Saving cheetahs from wildlife trade

The IFAW Middle East office has worked with the governments in the Arabian Peninsula to build capacity for prevention of cheetah trafficking.Ever since the International Fund for Animal Welfare (IFAW) has worked in East Africa and the Middle East, we have known that the cheetah, the fastest land animal on Earth, suffers from conflict with human population and habitat loss.

But the main threat now is the demand for cheetahs as exotic pets.

The IFAW Middle East office has worked with the governments in the Arabian Peninsula to build capacity for prevention of cheetah trafficking and educate school students on the drawbacks of keeping wild animals as pets, especially cheetahs.

Recently, the CITES CoP17 Parties adopted the reviewed working group recommendations on cheetahs. They include:

  • Working on developing a tool for identification of live cheetahs and parts and derivatives.
  • Providing guidance on procedures protocols to be followed in case of seizures of confiscated cheetah including (e.g. handling, DNA sampling, reporting for data collection such as studbooks) and guidance on the immediate and long-term handling of confiscated live animals.
  • Engaging the social media platforms, search engines and e-commerce platforms to combat illegal international trade in cheetah.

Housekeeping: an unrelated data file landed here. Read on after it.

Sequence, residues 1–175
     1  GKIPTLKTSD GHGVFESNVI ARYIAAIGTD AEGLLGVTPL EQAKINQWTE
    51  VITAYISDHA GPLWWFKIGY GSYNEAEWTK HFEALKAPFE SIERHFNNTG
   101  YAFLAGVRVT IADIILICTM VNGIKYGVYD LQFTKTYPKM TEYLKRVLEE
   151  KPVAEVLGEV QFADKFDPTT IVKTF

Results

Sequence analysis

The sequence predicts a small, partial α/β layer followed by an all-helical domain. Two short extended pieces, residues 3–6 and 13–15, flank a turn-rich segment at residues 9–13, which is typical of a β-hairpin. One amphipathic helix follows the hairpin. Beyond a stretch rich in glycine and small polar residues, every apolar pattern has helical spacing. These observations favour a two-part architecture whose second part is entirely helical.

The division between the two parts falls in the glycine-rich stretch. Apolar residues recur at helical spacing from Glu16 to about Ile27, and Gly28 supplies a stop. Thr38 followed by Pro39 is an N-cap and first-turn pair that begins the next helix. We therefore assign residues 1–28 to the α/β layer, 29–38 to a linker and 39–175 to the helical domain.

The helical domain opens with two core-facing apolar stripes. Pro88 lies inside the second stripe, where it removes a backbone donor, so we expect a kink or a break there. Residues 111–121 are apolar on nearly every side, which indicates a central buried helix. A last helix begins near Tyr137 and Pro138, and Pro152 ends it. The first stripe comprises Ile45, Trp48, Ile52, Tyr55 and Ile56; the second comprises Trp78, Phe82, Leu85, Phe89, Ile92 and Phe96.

• To raise awareness of the conservation of cheetahs.
  • Exchanging information about illegal trade of cheetah between CITES Parties, experts, NGOs and other stakeholders.

The IFAW Middle East office has worked to educate school students on the drawbacks of keeping wild animals as pets, especially cheetahs.

We are excited that the recommendations will be implemented by the CITES Parties to ensure recovery for cheetah populations.

It is very timely that on 3-5 November 2016, IFAW Middle East, in cooperation with the Kuwait government, is organizing a workshop where range states, transit countries and destination countries come together to discuss the best ways to combat the illegal trade of cheetah.

--EM

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Azzedine Downes,IFAW President and CEO
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Beth Allgood, Country Director, United States
Country Director, United States
Cynthia Milburn, Director, Animal Welfare Outreach & Education
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Dr. Joseph Okori
Regional Director, Southern Africa and Program Director, Landscape Conservation
Faye Cuevas, Esq.
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Grace Ge Gabriel, Regional Director, Asia
Regional Director, Asia
Jason Bell, Vice President for Conservation and Animal Welfare
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Matt Collis, Director, International Policy
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Patrick Ramage, Program Director, Whales
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Rikkert Reijnen, Program Director, Wildlife Crime
Program Director, Wildlife Crime